# Assignment 4

# Exploring the centroid, orthocenter,

# circumcenter, and incenter

#### By Carly Coffman

__Centroid__

#### The CENTROID (G) of a triangle
is defined as the common intersection of the three medians. A
median of a triangle is the segment from a vertex to the midpoint
of the opposite side.

####

#### We can explore the centroid
by using Geometer's Sketch Pad. Click on the link below to explore
and make observations about the centroid.

#### ?1) Are there any cases where
the centroid is outside the triangle? If so, when did it happen?

#### ?2) What happens to the circumcenter
when there is a degenerate triangle (when the triangle becomes
a line)?

####

#### Now, with Geometer's Sketch Pad, (GSP), create
the centroid of a triangle. Here are the steps and you can use
the link below to get back to GSP.

#### 1) With the mouse, highlight the point tool
from the toolbox. (If you do not have a toolbox appear on your
sketch go to Display on the top toolbar and go down to Show toolbox.)

#### 2) Create three points on your sketch by clicking
with the mouse.

#### 3) Drag your mouse back to the toolbox and
click on the arrow (this allows you to highlight).

#### 4) Highlight the three points

#### 5) Go to the top toolbar, select Construct,
and go down to Segments

#### 6) Click off the triangle to de-highlight
all objects

#### 7) Create the midpoint of each side of the
triangle by selecting the three sides (make sure nothing else
on your sketch is selected), then go up to the toolbar, highlight
Construct and then go down to midpoint.

#### 8) Repeat step #6, then highlight one vertex
and the opposite side's midpoint, and repeat steps #5 and #6

#### 9) Highlight another vertex and the opposite
side's midpoint and repeat steps #5 and #6

#### 10) Highlight the last vertex and the opposite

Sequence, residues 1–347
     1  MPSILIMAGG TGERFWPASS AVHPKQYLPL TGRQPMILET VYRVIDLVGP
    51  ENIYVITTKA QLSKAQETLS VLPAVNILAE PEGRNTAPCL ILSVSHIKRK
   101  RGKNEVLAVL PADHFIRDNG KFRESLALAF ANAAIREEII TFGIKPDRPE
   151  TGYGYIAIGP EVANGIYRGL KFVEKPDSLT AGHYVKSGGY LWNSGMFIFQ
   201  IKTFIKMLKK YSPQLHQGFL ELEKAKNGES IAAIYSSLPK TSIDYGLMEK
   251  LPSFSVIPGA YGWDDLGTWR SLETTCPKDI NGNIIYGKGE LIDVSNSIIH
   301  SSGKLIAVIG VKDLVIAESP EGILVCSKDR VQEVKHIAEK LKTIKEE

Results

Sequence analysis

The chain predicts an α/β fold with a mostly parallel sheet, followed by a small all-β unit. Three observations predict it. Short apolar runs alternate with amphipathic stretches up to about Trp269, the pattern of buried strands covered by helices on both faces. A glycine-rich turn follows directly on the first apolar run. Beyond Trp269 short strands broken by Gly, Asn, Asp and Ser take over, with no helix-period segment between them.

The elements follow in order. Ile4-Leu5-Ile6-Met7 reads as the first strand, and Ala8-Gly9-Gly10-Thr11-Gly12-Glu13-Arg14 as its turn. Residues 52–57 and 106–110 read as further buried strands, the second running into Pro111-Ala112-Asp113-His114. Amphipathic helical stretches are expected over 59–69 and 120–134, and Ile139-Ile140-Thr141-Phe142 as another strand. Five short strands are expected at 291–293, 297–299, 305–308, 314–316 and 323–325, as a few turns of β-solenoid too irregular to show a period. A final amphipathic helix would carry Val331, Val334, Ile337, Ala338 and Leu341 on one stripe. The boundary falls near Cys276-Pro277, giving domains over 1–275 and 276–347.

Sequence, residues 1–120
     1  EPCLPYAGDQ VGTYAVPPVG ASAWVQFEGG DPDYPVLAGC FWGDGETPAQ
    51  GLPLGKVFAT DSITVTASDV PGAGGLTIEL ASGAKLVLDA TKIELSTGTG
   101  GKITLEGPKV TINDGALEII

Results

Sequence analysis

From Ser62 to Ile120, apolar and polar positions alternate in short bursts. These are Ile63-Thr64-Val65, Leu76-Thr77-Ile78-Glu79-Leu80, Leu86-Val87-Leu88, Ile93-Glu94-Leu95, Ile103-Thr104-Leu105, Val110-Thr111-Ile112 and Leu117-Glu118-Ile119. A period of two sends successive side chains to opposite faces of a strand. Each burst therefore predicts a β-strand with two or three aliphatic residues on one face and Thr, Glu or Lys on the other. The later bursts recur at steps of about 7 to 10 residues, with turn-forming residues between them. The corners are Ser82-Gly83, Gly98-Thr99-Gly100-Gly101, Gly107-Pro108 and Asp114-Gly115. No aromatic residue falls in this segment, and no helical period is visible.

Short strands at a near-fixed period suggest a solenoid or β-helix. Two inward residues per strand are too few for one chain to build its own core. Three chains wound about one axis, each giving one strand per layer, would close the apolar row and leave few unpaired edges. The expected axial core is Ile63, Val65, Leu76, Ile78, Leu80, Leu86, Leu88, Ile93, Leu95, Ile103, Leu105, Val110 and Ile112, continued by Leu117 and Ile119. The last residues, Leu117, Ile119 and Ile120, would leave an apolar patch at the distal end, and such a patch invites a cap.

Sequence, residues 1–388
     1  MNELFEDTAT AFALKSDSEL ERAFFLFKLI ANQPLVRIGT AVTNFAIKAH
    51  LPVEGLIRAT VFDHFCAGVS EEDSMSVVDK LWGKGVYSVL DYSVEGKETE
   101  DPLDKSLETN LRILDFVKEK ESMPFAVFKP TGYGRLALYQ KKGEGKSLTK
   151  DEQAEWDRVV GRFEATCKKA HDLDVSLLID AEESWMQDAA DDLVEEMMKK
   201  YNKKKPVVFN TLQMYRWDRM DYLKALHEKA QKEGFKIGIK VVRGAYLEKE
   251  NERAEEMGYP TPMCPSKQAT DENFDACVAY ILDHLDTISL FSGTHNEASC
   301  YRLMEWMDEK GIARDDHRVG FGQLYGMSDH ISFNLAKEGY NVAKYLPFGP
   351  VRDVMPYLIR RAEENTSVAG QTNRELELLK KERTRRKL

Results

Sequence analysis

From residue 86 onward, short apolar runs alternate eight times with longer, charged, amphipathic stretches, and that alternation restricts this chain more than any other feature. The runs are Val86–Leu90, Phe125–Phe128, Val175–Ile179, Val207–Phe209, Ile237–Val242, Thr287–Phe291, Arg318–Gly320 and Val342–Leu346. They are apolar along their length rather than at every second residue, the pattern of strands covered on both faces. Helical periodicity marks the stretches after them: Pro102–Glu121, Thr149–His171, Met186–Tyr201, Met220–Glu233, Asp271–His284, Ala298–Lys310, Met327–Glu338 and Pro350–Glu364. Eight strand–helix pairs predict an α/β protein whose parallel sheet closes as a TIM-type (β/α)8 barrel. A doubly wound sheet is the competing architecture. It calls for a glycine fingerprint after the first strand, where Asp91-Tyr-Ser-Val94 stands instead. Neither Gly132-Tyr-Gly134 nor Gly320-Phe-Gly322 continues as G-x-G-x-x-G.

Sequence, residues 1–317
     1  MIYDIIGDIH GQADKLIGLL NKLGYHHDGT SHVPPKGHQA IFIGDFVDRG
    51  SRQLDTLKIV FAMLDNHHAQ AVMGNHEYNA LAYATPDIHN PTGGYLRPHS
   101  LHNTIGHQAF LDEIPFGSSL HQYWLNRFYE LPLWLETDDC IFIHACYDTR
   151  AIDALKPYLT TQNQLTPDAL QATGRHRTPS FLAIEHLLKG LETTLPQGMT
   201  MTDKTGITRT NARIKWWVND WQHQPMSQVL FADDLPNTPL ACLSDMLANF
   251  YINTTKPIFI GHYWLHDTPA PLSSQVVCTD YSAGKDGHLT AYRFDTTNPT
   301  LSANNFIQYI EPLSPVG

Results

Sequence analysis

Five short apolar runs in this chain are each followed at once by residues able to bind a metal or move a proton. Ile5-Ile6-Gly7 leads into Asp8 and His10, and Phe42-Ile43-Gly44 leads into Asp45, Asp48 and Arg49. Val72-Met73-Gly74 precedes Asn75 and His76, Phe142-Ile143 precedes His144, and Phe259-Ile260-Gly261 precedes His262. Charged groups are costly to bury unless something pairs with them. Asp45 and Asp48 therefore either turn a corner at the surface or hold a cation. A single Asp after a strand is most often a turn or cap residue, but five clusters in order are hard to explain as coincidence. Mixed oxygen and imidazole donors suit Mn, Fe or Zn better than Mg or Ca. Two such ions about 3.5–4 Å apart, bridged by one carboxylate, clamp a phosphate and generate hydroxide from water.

side's midpoint and repeat steps #5 and #6

#### 11) Highlight the intersection of the three
lines you just created. Congratulations, you just created your own centroid!

#### (Do not save when exiting GSP)

__Orthocenter__

#### The ORTHOCENTER (H) of a triangle
is the common intersection of the three lines containing the altitudes.
An altitude is a perpendicular segment from a vertex to the line
of the opposite side.

#### We can explore the orthocenter
by using Geometer's Sketch Pad. Click on the link below to explore
and make observations about the orthocenter.

#### ?3) Were there any cases where
the orthocenter was outside the triangle? If so, when did it happen?

#### ?4) What happens to the orthocenter
when there is a degenerate triangle (when the triangle becomes
a line)?

####

#### Now, with GSP, create your own orthocenter
of a triangle. Here are the steps below and you can use the link
below to get to GSP.

#### 1) With the mouse, highlight the point tool
from the toolbox. (If you do not have a toolbox appear on your
sketch go to Display on the top toolbar and go down to Show toolbox.)

#### 2) Create three points on your sketch by clicking
with the mouse.

#### 3) Drag your mouse back to the toolbox and
click on the arrow (this allows you to highlight).

#### 4) Highlight the three points

#### 5) Go to the top toolbar, select Construct,
and go down to Segments

#### 6) Click off the triangle to de-highlight
all objects

#### 7) Highlight one vertex and the opposite side
only

#### 8) Go to top toolbar, select Construct, and
go down to Perpendicular Line

#### 9) Click off the figure to de-highlight objects

#### 10) Highlight another vertex and opposite
side and repeat steps #8 and #9

#### 11) Highlight the third vertex and opposite
side and repeat steps #8 and #9

#### 12) Click on the intersection of the three
lines you just created. Congratulations, this is your orthocenter!

#### (Do not save when exiting GSP)

####

#### For a further exploration of the orthocenter,
click below and watch what path the orthocenter takes as you drag
one vertex along a line.

#### ?5) What shape does the path
of the orthocenter follow?

__Circumcenter__

#### The CIRCUMCENTER (C) of a
triangle is the point in the plane equidistant from the three
vertices of the triangle. Since a point equidistant from two points
lies on the perpendicular bisector of the segment determined by
the two points, C is on the perpendicular bisector of each side